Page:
The larger the island of knowledge, the longer the shoreline of wonder
– Ralph W. Sockman
Some months back I attended Nordic Library Meeting in Stockholm. It’s a forum for directors at the university libraries in Copenhagen, Oslo, Stockholm and Helsinki. During a presentation of the new humanities and social sciences library in Oslo the discussion stumbled upon the function and shape of the library information desk.
It’s an interesting topic. We often discuss the staffing of the front desk and the level of service the users should get at the front desk but not so much how the actually desk is designed.
The library fortress
The Oslo people clearly had a classical library fortress in mind for there new library: A big massive wall of a desk that divided the users from the librarians. I don’t fancy that kind of front desk. First of all it signals ‘them’ and ‘us’ – they, the library users, are on one side of the fortress while we are in safe in here. God forbid they came to close. It’s not a sound way to meet the very purpose of our existence – the users. Second of all it’s not very practical: many of the queries that comes to academic libraries involves some sought of looking at a computer, demonstrate a search in the catalog, check the Zotero settings etc. That stuff is hard to do when you stand on each side of the fortress. Sure you can flip the screen and stretch you neck but it’s not the same as standing next to each other looking at the same screen.
I’m sure I will never be the king of a library fortress. So what are the alternatives?
The library island
We used to have a library fortress at The Faculty Library of Social Science but we rolled in the wrecking ball two years ago and from the dust of the fortress arise a library island.
The concept is simple: It’s an open, more or less round, front desk that gives library personal the possibility to invite users on to the island (so to speak) and give them the opportunity to look equally at the same screen. It gives a much better service in practice and it sends the signal that this is not a ‘them and us library’.
The desk-less library
Do the modern academic library even need a front desk? Many of the traditional direct user services is moved over to different platforms: instructions, teaching, book a librarian, chat, e-learning etc. and the lendomats handles 95 % of the physical loans. If we believe the users needs to meet a library worker in the open library room couldn’t the desk just be replaced with roaming floor-walking library workers in orange shirts caring a laptop?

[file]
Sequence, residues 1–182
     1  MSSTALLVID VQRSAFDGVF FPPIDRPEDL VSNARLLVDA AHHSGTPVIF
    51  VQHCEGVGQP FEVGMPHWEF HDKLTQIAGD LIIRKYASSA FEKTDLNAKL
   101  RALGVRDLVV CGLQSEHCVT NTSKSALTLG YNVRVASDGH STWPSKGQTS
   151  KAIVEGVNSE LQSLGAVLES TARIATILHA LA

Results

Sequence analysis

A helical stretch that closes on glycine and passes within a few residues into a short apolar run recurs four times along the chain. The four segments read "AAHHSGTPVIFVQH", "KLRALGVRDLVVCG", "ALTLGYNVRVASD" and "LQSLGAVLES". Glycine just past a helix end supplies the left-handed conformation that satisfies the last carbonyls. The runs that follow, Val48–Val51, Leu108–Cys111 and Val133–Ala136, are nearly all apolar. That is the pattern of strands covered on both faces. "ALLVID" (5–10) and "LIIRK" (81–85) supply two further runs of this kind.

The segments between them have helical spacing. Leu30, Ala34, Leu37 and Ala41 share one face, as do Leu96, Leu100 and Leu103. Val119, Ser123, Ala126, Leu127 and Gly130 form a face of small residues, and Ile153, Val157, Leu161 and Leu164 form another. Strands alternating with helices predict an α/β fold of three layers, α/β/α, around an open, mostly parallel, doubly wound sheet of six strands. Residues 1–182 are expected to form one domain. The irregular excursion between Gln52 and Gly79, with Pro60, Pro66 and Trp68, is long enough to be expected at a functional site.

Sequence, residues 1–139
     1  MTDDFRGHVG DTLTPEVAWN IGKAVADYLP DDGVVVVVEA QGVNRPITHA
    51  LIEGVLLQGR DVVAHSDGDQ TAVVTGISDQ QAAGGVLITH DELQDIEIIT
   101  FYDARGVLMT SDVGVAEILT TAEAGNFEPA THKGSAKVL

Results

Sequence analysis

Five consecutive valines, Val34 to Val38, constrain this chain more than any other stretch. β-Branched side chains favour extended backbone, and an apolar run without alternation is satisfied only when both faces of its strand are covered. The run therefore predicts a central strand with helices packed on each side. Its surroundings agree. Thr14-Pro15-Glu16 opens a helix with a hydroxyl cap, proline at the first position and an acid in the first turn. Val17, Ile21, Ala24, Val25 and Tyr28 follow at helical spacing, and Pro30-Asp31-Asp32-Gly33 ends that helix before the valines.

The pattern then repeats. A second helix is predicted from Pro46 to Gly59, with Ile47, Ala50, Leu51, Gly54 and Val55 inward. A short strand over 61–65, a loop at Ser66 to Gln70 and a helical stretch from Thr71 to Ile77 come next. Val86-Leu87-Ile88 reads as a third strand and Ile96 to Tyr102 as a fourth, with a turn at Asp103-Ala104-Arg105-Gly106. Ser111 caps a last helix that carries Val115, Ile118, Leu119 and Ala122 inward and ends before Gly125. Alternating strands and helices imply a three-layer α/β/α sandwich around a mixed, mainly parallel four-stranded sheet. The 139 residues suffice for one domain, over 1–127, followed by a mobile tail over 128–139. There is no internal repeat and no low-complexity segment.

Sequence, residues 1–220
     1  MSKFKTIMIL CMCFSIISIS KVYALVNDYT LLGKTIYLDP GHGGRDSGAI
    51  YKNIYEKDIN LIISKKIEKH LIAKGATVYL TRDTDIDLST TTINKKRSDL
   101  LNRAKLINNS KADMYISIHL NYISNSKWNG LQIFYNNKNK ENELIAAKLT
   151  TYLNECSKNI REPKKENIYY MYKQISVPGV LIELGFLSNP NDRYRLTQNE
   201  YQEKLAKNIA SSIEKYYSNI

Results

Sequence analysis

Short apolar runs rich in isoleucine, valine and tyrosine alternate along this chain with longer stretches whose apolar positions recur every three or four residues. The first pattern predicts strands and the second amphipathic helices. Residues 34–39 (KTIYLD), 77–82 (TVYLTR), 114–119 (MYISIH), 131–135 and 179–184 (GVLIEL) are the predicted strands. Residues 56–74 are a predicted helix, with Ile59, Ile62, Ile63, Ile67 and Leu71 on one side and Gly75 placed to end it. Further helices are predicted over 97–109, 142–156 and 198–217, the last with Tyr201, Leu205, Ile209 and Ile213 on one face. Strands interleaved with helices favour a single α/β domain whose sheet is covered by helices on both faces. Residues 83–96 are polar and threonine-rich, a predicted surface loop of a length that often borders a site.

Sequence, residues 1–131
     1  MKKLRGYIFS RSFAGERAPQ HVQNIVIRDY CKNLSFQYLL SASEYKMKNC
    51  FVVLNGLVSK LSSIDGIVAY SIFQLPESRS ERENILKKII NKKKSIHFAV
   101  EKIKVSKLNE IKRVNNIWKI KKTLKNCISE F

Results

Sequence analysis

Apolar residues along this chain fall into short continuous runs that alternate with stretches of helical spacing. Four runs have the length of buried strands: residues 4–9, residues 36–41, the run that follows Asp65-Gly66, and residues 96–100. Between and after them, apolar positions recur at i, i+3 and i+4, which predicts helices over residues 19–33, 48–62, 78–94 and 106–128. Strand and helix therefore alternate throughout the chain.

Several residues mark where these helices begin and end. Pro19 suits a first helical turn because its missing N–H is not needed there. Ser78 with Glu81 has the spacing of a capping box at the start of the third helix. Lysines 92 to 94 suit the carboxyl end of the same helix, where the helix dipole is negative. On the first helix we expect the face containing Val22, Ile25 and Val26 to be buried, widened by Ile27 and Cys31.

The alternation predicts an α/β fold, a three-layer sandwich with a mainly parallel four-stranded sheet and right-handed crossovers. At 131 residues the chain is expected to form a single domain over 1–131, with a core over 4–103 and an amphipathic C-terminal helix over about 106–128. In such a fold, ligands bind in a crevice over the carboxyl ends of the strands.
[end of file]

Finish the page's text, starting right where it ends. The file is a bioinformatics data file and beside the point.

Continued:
I think the idea is interesting but I don’t believe in totally erasing the front desk from libraries. Not yet at least. I believe that many that visits a physical service space still find comfort in that physical spot were you can ask any question. When you can’t find that librarian on the floor there is always the desk to turn to.
Anyhow I do believe the roaming floor-walking librarian concept is interesting though. Look at a supermarket; you don’t go to the counter and ask were the sugar is – you ask one of the people in green shirts that is putting up groceries on the shelves near you. The point you at the sugar and sometimes they even through in some valuable information on a specific great type of sugar that is on sale at the moment. It works.
In the danish public libraries there has been done some projects on this kind of concept showing that library users experienced that there were more staff in the libraries and better service in the periods were there was librarians on the floor. To be continued…
The everywhere-is-a-desk library
Ever been to an Apple Store? I find it a very cool experience and there are three factors that make it so:
1) It always seems that there are more Apple employees on the floor than customers
2) The employees really now what they are talking about when you ask them about something
3) There is no real central desk but desk’s everywhere, hidden in the product demonstration tables
All together this gives a very seamless and professional user experience and liberates the whole customer-employee relation from the tyranny of the desk. It’s a brilliant set-up and if I were to build a library from the ground and had a few more staffs than these days I would definitely get inspired by Apple.
From the three alternatives I prefer the library island to be the front desk touch point of the academic library anno 2015. But both the desk-free and everywhere-is-a-desk library got potential. Until then I say: Destroy the library fortress, build a library island.
And a final note: no matter how you design your front desk the most important thing is the people who is staffing it